Patricia Carswell |

Kitbag essentials: What to bring to a regatta

Award-winning blogger and journalist, Patricia Carswell, shares her regatta kit list in her exclusive British Rowing blog – Life on the river

There are some free-and-easy individuals who pitch up at a regatta carrying nothing but an elderly all-in-one in a tatty carrier bag and maybe a fiver stuffed in their back pocket. I am not one of those people. Having the right kit is almost as important as remembering to train, and in the 10 years that I’ve been racing, I’ve tweaked and refined a list of essentials.


Hot weather must-haves

I always keep an eye on the forecast. Typical British summer weather means being prepared for everything from high winds and Baltic temperatures to blistering sunshine, interspersed with hail, often all within in the space of an hour.

If the sun’s even vaguely likely to come out, don’t forget sunscreen, hat and cover-up kit. If it’s really scorchio, I recommend dunking your cap and even a long-sleeved top in cold water and wearing them on the way to the start. It’s saved me from heatstroke on several occasions.

Cold/wet gear

Equally, there’s nothing worse than returning to base camp, shivering and rain-soaked, only to discover the damp has seeped into your spare clothes because your bag was sitting on wet grass. A waterproof rucksack or drybag will solve this.

Wellies are a smart move, even if you don’t need them to boat, and I’ve been known to bring warm, fur-lined ones on a chilly day. Bring ALL the spare kit you’ve got, and if you’re lucky enough to have a dryrobe® (or a variation on the theme), your crewmates will mock right up until the moment they start eyeing it with envious longing.

Chair/picnic rug

I have never, ever regretted lugging a fold-up chair to a regatta. There isn’t always much time to sit down, but that sweet relief of taking the weight off your legs between races (especially if the ground is damp) makes the extra luggage totally worth the effort of carrying it.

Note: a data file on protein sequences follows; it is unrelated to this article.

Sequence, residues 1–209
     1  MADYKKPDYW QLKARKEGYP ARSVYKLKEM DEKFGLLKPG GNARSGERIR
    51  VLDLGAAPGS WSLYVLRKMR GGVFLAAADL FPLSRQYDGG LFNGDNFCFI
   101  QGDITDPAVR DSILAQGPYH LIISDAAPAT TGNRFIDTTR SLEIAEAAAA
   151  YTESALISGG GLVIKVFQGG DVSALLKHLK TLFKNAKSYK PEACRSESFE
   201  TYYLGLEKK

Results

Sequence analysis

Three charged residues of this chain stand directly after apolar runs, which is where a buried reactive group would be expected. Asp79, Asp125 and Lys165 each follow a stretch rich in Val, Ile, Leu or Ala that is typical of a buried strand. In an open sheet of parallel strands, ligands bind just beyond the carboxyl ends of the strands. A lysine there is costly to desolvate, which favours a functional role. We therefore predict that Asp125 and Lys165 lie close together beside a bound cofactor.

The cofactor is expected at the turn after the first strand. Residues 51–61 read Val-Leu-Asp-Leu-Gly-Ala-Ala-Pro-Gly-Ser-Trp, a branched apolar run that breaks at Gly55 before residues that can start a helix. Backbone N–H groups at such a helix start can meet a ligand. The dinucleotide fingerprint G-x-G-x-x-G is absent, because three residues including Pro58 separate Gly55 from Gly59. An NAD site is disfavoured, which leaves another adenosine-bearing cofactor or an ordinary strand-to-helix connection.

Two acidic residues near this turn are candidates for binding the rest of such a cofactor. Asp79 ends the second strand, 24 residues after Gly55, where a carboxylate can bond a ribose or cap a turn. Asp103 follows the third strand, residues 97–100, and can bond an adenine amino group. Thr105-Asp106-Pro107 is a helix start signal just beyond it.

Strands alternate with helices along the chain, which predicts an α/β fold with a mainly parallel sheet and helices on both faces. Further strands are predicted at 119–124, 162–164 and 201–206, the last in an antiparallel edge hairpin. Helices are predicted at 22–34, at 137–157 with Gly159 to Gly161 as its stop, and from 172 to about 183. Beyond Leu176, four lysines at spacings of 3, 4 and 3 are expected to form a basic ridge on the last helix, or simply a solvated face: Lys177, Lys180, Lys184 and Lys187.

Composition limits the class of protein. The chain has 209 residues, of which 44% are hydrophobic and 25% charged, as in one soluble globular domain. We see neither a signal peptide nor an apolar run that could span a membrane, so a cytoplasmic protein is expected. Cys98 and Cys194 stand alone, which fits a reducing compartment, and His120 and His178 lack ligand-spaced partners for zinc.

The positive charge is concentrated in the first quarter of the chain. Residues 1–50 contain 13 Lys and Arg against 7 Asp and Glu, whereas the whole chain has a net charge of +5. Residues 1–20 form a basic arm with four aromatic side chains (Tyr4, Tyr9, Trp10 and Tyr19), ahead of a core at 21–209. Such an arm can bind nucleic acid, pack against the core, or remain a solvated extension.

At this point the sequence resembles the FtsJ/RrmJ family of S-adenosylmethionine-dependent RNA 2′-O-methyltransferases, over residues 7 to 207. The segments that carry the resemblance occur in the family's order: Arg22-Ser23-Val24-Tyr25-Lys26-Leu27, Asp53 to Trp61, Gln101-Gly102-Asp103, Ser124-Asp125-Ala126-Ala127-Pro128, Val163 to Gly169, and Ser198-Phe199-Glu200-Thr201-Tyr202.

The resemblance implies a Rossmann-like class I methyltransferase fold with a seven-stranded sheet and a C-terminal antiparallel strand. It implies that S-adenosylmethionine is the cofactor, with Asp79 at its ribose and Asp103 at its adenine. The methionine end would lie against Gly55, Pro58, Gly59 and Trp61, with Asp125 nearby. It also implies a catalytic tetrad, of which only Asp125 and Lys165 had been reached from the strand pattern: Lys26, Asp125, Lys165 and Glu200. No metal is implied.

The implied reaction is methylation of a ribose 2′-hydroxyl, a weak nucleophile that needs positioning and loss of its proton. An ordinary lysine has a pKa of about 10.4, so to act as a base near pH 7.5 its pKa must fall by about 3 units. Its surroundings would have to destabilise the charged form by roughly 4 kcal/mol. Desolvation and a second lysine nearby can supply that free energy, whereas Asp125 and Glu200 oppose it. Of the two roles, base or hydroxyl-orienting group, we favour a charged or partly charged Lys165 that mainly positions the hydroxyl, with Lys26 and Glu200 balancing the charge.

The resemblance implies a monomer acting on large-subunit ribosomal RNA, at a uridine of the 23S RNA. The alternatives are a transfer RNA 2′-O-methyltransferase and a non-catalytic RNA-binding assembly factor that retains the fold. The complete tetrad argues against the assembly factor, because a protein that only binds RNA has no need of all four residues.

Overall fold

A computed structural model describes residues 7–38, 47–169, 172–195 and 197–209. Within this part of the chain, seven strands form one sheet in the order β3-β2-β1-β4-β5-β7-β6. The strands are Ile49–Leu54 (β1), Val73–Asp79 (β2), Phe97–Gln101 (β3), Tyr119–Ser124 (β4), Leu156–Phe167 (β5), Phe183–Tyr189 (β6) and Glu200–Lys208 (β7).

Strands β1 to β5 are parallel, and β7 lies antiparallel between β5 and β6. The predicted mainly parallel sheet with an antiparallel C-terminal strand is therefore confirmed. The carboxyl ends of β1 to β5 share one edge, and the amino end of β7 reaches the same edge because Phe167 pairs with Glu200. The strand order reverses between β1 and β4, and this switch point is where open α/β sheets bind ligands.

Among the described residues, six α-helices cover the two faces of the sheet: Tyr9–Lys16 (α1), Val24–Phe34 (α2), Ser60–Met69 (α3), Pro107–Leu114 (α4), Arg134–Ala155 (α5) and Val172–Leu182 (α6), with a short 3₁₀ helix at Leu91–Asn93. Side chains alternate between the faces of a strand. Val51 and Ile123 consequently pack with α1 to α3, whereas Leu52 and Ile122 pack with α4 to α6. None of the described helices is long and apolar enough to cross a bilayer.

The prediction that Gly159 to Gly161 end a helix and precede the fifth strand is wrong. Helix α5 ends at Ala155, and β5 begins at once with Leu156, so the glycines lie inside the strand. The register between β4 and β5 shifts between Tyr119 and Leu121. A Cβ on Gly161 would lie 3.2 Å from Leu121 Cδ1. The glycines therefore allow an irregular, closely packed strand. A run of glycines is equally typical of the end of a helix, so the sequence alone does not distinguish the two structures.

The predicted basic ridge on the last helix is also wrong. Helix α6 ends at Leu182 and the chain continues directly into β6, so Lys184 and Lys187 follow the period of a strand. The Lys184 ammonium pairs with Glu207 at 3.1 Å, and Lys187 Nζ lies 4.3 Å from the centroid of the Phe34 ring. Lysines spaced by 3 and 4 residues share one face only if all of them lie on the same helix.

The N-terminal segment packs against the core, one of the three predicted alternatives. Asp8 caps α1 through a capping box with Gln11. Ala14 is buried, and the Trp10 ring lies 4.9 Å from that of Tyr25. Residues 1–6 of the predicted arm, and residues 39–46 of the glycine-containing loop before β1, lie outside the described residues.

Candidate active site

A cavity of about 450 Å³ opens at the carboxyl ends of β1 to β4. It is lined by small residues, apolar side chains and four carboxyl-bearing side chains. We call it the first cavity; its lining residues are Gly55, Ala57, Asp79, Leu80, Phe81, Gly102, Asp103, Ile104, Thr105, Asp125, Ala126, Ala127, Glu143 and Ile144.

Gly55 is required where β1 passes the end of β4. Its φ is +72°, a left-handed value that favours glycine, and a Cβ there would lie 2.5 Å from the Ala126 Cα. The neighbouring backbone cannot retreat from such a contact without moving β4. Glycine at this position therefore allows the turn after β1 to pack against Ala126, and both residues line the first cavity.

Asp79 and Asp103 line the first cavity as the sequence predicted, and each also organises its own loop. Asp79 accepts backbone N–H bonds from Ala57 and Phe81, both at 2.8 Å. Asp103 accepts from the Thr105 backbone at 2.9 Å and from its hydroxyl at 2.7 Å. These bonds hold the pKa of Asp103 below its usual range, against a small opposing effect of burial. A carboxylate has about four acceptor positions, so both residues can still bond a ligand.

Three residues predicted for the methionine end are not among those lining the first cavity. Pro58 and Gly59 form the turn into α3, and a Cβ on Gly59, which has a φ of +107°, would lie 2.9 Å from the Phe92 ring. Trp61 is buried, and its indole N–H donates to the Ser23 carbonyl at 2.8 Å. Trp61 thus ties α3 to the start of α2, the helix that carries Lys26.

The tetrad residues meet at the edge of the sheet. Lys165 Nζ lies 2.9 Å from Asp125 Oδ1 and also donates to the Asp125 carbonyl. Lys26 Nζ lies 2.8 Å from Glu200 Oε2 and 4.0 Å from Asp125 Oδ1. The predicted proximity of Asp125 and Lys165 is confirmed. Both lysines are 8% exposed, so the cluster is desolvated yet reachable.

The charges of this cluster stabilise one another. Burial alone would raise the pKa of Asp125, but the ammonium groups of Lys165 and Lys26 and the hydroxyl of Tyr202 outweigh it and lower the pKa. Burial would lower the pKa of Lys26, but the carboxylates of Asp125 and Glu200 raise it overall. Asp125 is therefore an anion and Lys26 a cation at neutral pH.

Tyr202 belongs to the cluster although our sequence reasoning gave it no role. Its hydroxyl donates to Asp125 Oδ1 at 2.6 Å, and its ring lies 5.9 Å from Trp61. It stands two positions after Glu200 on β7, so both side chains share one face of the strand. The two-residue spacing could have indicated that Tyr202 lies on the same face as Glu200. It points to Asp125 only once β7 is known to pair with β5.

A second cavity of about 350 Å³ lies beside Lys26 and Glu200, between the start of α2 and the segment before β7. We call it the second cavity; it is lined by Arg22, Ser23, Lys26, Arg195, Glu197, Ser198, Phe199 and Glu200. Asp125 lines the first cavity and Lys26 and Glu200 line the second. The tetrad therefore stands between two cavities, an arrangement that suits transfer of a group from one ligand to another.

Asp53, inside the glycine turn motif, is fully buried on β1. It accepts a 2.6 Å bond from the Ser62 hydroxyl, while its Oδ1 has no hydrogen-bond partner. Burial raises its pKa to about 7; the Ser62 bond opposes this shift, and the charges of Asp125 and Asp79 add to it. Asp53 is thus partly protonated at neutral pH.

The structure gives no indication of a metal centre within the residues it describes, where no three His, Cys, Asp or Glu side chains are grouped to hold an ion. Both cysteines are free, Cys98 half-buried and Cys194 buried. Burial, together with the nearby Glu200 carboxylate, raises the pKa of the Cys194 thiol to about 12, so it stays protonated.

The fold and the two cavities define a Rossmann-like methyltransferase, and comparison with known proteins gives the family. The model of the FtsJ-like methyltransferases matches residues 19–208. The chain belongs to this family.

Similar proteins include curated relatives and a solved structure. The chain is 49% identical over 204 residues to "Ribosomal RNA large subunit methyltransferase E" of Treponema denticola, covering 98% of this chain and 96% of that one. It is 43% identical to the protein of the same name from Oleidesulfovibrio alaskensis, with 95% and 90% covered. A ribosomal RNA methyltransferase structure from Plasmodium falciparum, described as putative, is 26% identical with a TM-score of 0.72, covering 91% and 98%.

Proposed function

Most regattas have a splendid tea tent with Bake Off-worthy sandwiches and cakes, a BBQ offering everything from burgers to bacon butties and a bar where you can fill the pot you just won with something celebratory. And then, of course, there are the stalls selling rigger jiggers to replace the one that just went walkabout and clothing you suddenly realise you have to have in your life. Nowadays, many tea tent can take contactless payment, but have a few quid on you in case they don’t.


Food and drink

Whilst I’m all in favour of supporting the host club by buying my share of baked goods, before a race I prefer to have my own food (pasta salad is a fail-safe) plus a few gels in case races take place around lunchtime – the cake comes later.

As far as drinks are concerned, lots of clubs are now going single-use-plastic-free, so remember to bring a reusable water bottle and keep cup in your bag, too.

Miscellaneous bits and pieces

And finally… as well as a rucksack I usually have a bumbag for carrying around my cash, plus the following:


Optional extras:

  • Shackle key – look it up, it’s incredibly useful
  • Headache pills (I always get a headache after racing)
  • Plasters (I’m clumsy)
  • Hair elastic (even if you don’t need it, someone else is bound to)

This may all seem like ridiculous overkill to you, but any time I’ve tried to travel light I’ve regretted it – as has the person with the tatty carrier bag, who relies on people like me to be well equipped.

Photos: David Allan Photography, Patricia Carswell